Global CBDC Race Is On

    26 Mar 2022
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    The rapid transformation of global finance resulting from the war in Eastern Europe will spur the development of central bank digital currencies – CBDC – in the months to come.

    We have already written several times about how the war has drastically accelerated the mass adoption of cryptocurrencies. But no state wants to lose control over finance, which pushes authorities to counteract independent cryptocurrencies with their digital fiat analogues. Moreover, CBDCs of different countries will become a weapon in the struggle for economic advantage in the new financial reality.

    Let’s watch it unfold.

    Russian statesman, political and public figure Yurii Krupnov has recently claimed that “We need to pay attention to Central and Southeast Asia. It is a very important market, a colossal self-sufficient market.” Also, according to him, Russia should be planning to introduce its digital currency. “There should be a digital industrial ruble, which would allow us to trade with foreign countries, as well as finance and lend to our industries,” said the expert, considered the voice of the Russian government.

    The Chamber of Commerce and Industry of the Russian Federation has echoed his sentiment: “Additionally, the digital ruble must be fully launched as soon as possible. And do not forget about the possibilities of cryptocurrency. With this tool, we can overcome any American sanctions. We already know how to use crypto for settlements, we have worked out the whole procedure and documented it in our proposals …” – their statement said.

    And so, the position of Russia (and therefore also Belarus) is now as follows: use their own CBDC and cryptocurrencies to bypass financial sanctions.

    However, the latter option is clearly a non-starter at the state level and for government-related businesses. US senators have already introduced bills that would force crypto exchanges to sever ties with Russian wallets.

    Namely, the US Treasury Department will get the right to strip American exchanges of their license for servicing Russian clients. And not just the persons from the sanctions list – it will be a total ban on operations with Russian addresses. Furthermore, even regular American taxpayers will be required to report all crypto transactions outside the country in excess of $10,000 to the Financial Crimes Enforcement Network (FinCEN).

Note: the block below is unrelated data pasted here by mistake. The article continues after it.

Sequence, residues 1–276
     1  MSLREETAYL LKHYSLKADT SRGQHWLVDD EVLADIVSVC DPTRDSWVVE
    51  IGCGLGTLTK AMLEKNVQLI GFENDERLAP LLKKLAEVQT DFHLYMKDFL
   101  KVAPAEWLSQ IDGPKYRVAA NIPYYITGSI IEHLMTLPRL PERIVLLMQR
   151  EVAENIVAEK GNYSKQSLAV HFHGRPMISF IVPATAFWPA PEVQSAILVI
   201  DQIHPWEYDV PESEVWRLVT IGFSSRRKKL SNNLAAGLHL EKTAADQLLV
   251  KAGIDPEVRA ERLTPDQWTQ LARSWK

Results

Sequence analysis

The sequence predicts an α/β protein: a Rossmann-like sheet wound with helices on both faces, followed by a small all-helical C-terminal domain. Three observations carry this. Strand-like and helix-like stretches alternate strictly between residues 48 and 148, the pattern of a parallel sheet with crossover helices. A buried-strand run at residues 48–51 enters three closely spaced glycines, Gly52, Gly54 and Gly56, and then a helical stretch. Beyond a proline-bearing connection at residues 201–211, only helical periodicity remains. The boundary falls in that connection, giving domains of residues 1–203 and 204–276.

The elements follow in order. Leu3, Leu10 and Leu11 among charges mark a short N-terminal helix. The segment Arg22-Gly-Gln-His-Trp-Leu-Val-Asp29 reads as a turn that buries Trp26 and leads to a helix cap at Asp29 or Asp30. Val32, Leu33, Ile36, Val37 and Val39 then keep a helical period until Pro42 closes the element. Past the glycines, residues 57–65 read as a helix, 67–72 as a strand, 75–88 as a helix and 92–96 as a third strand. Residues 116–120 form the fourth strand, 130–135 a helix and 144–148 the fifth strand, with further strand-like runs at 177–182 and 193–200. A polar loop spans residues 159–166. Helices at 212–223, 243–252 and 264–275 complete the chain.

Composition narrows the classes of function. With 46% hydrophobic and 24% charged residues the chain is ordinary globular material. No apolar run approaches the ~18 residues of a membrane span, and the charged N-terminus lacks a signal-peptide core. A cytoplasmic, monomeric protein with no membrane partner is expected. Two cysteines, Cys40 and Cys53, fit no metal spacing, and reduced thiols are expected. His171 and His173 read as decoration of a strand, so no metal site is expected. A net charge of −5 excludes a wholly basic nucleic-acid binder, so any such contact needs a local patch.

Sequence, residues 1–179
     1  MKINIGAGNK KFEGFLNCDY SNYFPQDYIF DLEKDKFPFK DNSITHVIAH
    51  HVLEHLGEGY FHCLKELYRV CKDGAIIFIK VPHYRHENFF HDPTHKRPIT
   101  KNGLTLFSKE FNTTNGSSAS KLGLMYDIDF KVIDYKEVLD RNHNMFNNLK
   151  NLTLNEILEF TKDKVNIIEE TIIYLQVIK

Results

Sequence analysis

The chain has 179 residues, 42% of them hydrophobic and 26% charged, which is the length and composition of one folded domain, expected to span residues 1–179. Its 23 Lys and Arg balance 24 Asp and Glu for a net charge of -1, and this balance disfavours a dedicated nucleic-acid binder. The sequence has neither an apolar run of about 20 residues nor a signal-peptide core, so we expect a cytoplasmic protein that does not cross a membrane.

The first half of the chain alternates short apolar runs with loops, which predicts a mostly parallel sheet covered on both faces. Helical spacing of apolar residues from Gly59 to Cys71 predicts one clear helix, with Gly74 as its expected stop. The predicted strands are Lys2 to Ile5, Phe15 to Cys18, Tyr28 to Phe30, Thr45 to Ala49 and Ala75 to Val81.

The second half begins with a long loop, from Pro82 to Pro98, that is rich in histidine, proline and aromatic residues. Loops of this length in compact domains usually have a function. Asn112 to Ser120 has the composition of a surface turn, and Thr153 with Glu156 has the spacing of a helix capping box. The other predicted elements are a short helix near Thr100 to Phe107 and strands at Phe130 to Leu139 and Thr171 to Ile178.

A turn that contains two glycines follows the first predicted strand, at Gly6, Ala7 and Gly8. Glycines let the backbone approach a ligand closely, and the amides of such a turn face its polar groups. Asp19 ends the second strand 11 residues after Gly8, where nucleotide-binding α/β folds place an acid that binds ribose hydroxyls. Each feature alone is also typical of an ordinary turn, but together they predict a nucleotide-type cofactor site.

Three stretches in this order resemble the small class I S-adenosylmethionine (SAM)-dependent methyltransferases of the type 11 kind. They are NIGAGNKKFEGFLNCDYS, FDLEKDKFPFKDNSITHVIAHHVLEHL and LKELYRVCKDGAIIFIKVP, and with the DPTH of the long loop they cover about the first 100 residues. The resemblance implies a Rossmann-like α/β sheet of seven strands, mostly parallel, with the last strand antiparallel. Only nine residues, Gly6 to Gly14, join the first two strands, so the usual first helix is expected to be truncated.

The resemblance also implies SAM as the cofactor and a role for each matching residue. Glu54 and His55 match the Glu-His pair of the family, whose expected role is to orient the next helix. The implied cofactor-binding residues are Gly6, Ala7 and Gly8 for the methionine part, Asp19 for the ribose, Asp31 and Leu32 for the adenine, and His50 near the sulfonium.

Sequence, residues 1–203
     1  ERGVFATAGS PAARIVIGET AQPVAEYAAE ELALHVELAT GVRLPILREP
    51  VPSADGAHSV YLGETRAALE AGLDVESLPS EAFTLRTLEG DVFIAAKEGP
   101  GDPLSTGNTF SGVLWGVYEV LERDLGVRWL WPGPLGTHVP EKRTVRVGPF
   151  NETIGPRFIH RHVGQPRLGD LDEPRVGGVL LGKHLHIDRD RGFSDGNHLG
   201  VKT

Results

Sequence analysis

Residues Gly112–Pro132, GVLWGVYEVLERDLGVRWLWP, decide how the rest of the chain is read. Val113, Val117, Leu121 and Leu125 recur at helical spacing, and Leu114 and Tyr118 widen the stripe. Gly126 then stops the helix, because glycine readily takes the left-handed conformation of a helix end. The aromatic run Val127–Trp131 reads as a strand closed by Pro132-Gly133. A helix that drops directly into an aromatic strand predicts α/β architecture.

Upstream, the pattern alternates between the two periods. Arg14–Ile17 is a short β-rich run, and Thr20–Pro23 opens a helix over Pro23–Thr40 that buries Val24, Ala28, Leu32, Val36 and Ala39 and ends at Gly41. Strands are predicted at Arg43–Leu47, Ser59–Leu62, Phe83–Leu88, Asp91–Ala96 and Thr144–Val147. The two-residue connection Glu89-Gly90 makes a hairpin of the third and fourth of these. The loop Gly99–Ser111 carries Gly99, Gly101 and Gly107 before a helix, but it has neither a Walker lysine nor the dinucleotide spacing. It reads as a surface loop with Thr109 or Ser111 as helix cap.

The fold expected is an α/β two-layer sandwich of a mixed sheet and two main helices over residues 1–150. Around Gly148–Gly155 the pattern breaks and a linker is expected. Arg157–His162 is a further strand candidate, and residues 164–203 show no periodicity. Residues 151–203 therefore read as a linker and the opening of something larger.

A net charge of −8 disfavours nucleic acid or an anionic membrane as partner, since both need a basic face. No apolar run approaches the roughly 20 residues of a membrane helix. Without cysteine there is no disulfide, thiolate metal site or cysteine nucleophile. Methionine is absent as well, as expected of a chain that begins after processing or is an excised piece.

That leaves the digital ruble, Russia’s own CBDC they are looking to rush into existence. And they can create it, of course, any fifth-grader today is able to make their own cryptocurrency. The difficulty is in implementation.

    As we see in the statements above, China and its affiliated states will become Russia’s main trading partners in the context of Western sanctions. But China has its own CBDC – the digital yuan (denoted as DCEP), which it has already successfully tested and is now actively enforcing. In this regard, the country is far ahead of all its global counterparts. A year ago, officials from the People’s Bank of China (the country’s central bank) stated that one of the tasks for DCEP is to become the world’s reserve currency – one of those used in international trade.

    The image below shows the current layout of world reserve currencies.

    You see the yuan there, though it is only 2.7%. But there is no Russian ruble at all. So now, as Russia finds itself in a tight spot, it most likely will be forced to trade with China and its satellites using the digital yuan, not rubles. Beijing simply won’t accept any other option.

    And Russia won’t be the only one adopting DCEP – Saudi Arabia is now negotiating with China to sell oil for digital yuan instead of dollars (used currently in 80% of such transactions). Negotiations have intensified this year in light of Riyadh’s unhappiness with Washington’s security commitments, including the US intervention in the civil war in Yemen and their talks on re-entering a nuclear deal with Iran. The resulting potential transition to yuan in oil settlements could weaken the US currency in favor of the Chinese one.

    We obviously won’t have to wait long for Washington’s response – I predict we will see the digital dollar by the end of the year. It’s vital for the US not to lose to China in the global state digital currencies race – and right now, Beijing is skillfully using the Russo-Ukrainian war to consolidate its leadership in the field of CBDC.

    Europe, for its part, will likely end up in third place at best. Yes, the euro’s share of the world reserves is 20.5% and about the same in international settlements. But even now, in wartime, the European bureaucracy is too cumbersome to make decisions on the scale of launching a single European CBDC. It’s a pity, really. Personally, I’m not looking forward to choosing between China and the United States.

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